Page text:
In observance of OCD Awareness week, October 9-15, it can be helpful to discuss how patients can stay motivated to challenge OCD symptoms.
McLean Hospital defines Obsessive Compulsive Disorder as, “A serious condition that can disrupt someone’s daily life. It is marked by obsessions or unwanted intrusive thoughts, and physical or mental actions taken to relieve anxiety associated with the obsessions.”
Individuals diagnosed with OCD can find themselves caught in what feel like endless cycles of unwanted obsessive thoughts and strong urges to engage in compulsive behaviors. It can be particularly discouraging if traditional talk therapy and coping techniques for anxiety are unsuccessful in preventing compulsions from taking over.
This article will outline two therapeutic techniques that can be more effective in managing symptoms of OCD: CBT (Cognitive Behavioral Therapy) and a CBT technique called ERP (Exposure and Response Prevention). If you have been diagnosed with OCD and are finding yourself struggling to stay motivated to engage in treatments, you may want to speak with your therapist about whether these techniques may be helpful for you.
How CBT Methods Can Help With OCD
Cognitive Behavioral Therapy helps an individual identify unhelpful thought and behavior patterns that contribute to cycles of increased anxiety and distress. There are several CBT practices that can be helpful in gaining control over OCD symptoms.
An individual may be encouraged by their therapist to engage in mindfulness practices, in order to increase their awareness of their thought processes as well as increase their ability to stay present and in the moment during times of increased emotional distress.
As the individual is able to increase their awareness and presence, they can start to work on practicing acceptance of their unwanted thoughts and distressing emotions. Individuals with OCD often use compulsive behaviors as a means to stop, or push away, obsessive thoughts. However, engaging in compulsive behaviors or trying to fight against or control one’s thoughts often just drives anxiety levels higher and increases emotional distress rather than providing relief. Practicing acceptance that anxious thoughts are there and that they are what they are, just thoughts, rather than fighting against them can actually be more effective in reducing anxiety.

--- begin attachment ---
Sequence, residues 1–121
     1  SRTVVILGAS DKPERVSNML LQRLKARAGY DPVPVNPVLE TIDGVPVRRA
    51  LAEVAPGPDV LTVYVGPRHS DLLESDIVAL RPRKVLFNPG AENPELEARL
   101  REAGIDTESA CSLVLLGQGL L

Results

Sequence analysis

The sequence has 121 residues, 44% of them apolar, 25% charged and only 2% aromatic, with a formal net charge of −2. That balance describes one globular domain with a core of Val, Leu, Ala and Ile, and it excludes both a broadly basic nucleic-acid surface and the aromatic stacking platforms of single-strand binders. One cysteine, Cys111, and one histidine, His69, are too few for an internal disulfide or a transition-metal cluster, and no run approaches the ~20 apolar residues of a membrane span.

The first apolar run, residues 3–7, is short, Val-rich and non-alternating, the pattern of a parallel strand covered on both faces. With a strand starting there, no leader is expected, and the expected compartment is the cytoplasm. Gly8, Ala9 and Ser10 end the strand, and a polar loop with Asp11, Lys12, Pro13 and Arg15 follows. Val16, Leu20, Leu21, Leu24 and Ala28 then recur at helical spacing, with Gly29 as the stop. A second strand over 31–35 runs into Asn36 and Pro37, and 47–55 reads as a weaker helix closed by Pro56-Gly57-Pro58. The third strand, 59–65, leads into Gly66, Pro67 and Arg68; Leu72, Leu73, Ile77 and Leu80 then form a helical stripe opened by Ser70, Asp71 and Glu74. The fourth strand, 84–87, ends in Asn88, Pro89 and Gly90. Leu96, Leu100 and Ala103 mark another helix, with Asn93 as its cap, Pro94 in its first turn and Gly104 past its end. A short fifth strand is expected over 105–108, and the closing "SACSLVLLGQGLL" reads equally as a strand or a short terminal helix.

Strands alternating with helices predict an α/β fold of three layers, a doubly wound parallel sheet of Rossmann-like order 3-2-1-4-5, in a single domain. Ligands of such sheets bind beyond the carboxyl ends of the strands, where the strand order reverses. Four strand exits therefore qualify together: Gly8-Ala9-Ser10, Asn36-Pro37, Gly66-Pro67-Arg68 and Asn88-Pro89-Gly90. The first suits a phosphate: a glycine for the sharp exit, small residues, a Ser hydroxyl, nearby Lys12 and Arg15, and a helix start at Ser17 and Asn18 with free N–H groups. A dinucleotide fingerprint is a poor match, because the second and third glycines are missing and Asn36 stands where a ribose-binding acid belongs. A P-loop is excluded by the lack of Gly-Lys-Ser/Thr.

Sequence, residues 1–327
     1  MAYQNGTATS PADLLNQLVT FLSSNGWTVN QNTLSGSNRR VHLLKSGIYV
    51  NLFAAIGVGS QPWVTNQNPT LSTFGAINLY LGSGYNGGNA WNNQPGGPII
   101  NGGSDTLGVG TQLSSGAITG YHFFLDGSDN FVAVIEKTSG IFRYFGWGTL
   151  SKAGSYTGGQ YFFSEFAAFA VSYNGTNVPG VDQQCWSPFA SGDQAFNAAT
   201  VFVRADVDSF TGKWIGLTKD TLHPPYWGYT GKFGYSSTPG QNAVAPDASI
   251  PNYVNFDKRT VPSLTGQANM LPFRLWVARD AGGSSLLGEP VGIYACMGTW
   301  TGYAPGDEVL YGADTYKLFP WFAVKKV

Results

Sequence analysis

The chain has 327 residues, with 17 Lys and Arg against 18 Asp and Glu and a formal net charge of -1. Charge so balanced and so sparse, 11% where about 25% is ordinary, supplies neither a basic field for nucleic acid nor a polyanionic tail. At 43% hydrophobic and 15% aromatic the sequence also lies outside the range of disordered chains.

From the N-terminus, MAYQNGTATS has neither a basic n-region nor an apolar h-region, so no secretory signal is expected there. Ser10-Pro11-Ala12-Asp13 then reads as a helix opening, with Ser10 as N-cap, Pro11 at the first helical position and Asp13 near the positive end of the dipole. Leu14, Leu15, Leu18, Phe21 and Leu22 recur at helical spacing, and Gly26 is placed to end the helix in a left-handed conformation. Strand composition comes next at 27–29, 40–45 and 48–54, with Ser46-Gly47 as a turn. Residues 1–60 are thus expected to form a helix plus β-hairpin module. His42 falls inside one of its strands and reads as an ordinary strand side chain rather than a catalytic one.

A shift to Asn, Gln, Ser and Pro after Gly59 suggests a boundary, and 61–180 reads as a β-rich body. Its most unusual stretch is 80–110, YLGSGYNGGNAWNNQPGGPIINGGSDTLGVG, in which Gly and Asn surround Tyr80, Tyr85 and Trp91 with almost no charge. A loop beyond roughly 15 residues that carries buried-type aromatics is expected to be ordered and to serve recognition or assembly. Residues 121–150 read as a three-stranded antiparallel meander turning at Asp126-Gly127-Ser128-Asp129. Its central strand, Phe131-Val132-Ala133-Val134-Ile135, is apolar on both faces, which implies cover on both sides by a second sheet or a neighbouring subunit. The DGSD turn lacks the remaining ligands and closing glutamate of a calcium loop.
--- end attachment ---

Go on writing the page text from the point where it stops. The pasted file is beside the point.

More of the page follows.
So, does acceptance of unwanted thoughts mean that we just have to be okay with them? No! The next step in the process is assessment. Now that the individual has been able to recognize these thoughts, and is no longer fighting against them in unhelpful ways, they can work with their therapist on pinpointing cognitive distortions in their thought processes. Cognitive distortions are thought patterns and beliefs that have a tendency to get in the way of making progress and can lead to increased anxiety and depression symptoms.
One may ask, “But what do I do about it?” now that they have increased awareness of these thought patterns. While simply having increased awareness of these thought and behavior patterns can be helpful in establishing more control over symptoms, there is one more vital step in this process: action! Action is defined as actively confronting the individual’s fears and anxieties while working to increase tolerance of the distress of doing so and managing compulsive behavior urges that are triggered. This is done with the assistance of a therapist through a CBT technique called Exposure and Response Prevention (ERP).